Think Facebook’s $100 Billion Valuation Is Nuts? Read This

This post is written by Business Insider Intelligence analyst Pascal-Emmanuel Gobry. BI Intelligence is Business Insider’s internet industry research service. To learn more and get a free 30-day trial, click here.

Facebook User Growth
Source: Facebook releases and BI Intelligence Reports

We’re all awaiting with bated breath for the Facebook S-1 to drop this week. According to various leaks, Facebook’s operating profit was around $1.5 billion in 2011 and its revenues were something like $4 billion. We’ll know soon enough whether that’s true, but if so, it makes Facebook’s reported $85-100 billion valuation sound insane.Is it? 

Well, anyone can argue that it’s high. But we don’t think it’s insane. 

First of all, the value of an asset is the net present value of its future cashflows. This means that a company’s value doesn’t depend on how much revenue it generates today, but on the profits it’s going to generate in the future. The value of the current financials is in helping someone figure out what are going to be the future financials. That’s more of an art than a science, obviously. But we have to remember that assessing whether a valuation is insane is about assessing the future of an asset. 

So, what’s Facebook’s future like? It’s very bright. 

The basic reasoning behind Facebook’s valuation goes something like this: every new technology cycle is dominated by one company, and that company usually ends up being worth around $200 billion. Microsoft dominated the PC era, and Google dominated the search era. Facebook is going to dominate the social era, and therefore it’s going to be worth $200 billion some day. Discount that to today and $100 billion looks like a steal.

But how likely is it? There’s no question Facebook is a big business worth many billions of dollars, but can it be one of those epoch-defining companies a la Google and Microsoft? There’s no way to know for sure, but here are some high-level reasons why it’s not insane to think so:

  • Facebook is becoming one of the biggest sources and referrers of traffic on the internet—and on the internet traffic is money. The reason why Google became the most valuable and feared internet company was because most of the traffic on the internet came from Google. This is changing. An increasing amount of traffic—for some sites, most of their traffic—comes from Facebook. And on the internet, traffic is money, because it translates into (take your pick) advertising, commerce, transactions. If Facebook controls half of the traffic on the internet (as it does now to many sites), it can start selling that traffic very profitably. (This is also the real reason why Google is terrified of Facebook, even though they’re not direct competitors.)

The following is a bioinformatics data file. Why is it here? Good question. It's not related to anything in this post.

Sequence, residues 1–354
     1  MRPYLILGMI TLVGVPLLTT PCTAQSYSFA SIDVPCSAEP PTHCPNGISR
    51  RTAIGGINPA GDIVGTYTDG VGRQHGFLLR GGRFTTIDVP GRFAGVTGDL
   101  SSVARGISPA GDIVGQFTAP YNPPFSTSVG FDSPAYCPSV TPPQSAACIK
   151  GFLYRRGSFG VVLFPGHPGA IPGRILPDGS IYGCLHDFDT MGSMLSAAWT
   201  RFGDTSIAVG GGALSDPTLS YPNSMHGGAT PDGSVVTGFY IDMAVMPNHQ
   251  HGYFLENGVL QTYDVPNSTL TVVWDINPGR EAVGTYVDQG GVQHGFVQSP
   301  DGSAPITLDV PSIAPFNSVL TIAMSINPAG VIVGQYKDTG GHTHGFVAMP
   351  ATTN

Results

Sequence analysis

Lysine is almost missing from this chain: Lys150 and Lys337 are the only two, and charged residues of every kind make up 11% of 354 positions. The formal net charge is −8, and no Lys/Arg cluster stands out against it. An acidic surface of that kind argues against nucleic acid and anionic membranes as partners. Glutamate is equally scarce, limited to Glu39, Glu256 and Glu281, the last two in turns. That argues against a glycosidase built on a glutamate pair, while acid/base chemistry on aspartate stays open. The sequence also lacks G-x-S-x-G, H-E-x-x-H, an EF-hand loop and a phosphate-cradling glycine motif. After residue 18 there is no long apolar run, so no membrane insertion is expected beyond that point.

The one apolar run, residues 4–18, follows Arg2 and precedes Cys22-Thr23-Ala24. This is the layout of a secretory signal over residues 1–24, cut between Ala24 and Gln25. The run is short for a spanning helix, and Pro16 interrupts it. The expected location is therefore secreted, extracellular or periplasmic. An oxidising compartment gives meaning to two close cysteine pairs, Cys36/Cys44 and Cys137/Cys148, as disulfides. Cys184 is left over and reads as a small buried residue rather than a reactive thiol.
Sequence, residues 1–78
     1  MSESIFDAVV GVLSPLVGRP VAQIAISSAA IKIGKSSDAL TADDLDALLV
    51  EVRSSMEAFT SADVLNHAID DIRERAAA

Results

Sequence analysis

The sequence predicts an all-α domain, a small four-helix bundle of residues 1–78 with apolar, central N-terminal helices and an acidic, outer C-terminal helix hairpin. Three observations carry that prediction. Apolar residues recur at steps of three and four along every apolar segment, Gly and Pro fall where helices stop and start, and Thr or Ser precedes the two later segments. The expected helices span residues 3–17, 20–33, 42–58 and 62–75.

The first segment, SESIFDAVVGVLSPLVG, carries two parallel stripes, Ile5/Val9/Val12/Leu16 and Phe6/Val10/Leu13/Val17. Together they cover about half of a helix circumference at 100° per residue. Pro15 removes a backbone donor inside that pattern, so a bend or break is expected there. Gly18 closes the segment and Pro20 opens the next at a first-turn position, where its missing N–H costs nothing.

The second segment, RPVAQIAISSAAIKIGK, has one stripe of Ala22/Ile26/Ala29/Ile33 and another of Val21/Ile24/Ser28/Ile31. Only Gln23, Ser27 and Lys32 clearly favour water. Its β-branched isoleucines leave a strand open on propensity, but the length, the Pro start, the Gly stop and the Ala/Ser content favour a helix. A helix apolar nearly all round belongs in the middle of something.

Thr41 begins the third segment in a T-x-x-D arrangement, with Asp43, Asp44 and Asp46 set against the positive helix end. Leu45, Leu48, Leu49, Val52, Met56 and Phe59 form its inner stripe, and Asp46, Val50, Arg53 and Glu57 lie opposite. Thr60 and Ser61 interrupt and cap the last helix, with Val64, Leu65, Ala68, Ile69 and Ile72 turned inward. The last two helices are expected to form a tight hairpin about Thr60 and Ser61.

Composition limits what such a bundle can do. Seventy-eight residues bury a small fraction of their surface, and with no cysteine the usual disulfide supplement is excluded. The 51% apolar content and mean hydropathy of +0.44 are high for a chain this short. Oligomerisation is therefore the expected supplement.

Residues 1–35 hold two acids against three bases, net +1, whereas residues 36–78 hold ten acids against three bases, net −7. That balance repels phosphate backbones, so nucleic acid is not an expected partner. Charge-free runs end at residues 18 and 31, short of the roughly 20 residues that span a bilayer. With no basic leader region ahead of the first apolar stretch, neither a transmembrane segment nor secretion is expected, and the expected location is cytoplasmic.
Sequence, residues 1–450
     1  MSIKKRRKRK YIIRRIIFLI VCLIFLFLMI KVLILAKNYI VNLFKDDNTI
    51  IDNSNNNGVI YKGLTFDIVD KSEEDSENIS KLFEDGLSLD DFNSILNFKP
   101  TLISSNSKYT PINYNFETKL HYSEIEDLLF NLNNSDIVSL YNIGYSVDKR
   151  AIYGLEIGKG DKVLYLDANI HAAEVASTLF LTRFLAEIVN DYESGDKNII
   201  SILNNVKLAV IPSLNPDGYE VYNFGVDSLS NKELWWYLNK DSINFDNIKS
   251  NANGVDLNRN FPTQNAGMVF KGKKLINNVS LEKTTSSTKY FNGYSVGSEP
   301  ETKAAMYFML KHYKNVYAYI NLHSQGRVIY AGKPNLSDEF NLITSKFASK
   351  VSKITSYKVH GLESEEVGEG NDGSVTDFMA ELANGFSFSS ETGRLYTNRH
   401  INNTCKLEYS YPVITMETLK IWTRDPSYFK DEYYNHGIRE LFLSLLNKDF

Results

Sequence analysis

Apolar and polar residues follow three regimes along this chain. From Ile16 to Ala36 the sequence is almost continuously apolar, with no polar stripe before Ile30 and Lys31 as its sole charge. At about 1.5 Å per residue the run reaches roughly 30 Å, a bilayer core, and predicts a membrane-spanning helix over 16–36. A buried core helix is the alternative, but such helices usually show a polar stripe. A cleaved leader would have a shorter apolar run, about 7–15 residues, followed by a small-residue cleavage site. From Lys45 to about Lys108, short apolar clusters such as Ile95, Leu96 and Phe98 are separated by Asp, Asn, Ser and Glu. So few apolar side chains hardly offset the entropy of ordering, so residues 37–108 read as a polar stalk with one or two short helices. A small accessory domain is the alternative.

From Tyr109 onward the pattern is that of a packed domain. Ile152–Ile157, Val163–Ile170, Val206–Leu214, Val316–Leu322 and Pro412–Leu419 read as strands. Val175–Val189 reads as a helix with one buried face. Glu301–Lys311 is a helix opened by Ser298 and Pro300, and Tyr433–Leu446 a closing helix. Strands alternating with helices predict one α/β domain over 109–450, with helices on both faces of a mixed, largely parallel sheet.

• Facebook has oodles of data on you, including your identity. The web has been crying out for a personal identity system: a way to link transactions and traffic to a real-world identity. Facebook is the first site that has achieved the goal of getting us to identify using our real-world identities. The opportunities for targeting advertising are obvious, but they are much broader: By “owning” personal identity on the internet, Facebook has an immensely valuable asset. 
  • Facebook is the biggest social platform. “Social” is a fad, some say. We disagree: What “social” means is that people decide what to consume and share among other people, which is the natural way to do things. “Social” is always going to be a part of consumer and even enterprise applications. And Facebook, intelligently, isn’t content with being the biggest “social” destination site; it has turned itself into a platform, allowing others to either build applications on top of it, or use its tools to add its “social sauce” to its system. Just as Microsoft dominated the computing world by owning the biggest software platform—Windows—Facebook is turning itself into the dominant platform of a new internet era. (It might not end that way, but it’s definitely not a silly case to make.)    
  • Facebook is unstoppable because it has a network effect. We are mixed on this, as we have written many times that network effects are oversold. This is what we think about Facebook’s network effect: It does ensure that the vast majority of people on the internet will be Facebook users, and that this in turn will make Facebook’s platform very valuable. What it does not ensure is that Facebook will always remain relevant and might not be displaced by other platforms. But not everyone sees it that way. 

So to sum up, Facebook is a company that controls, will control, or can plausibly be argued to be on the cusp of controlling: a) most of the traffic on the internet; b) most of our personal identity data; c) the emerging platform that will define the future of the internet. 

To reiterate: we don’t think Facebook is worth $100 billion. Or $80 billion. Or $120 billion. Or $1 billion. That’s for other people to decide. But if someone screams at you that it’s SO OBVIOUS that Facebook’s valuation is NUTS, they’re just not informed enough.

This post is written by Business Insider Intelligence analyst Pascal-Emmanuel Gobry. BI Intelligence is Business Insider’s internet industry research service. To learn more and get a free 30-day trial, click here.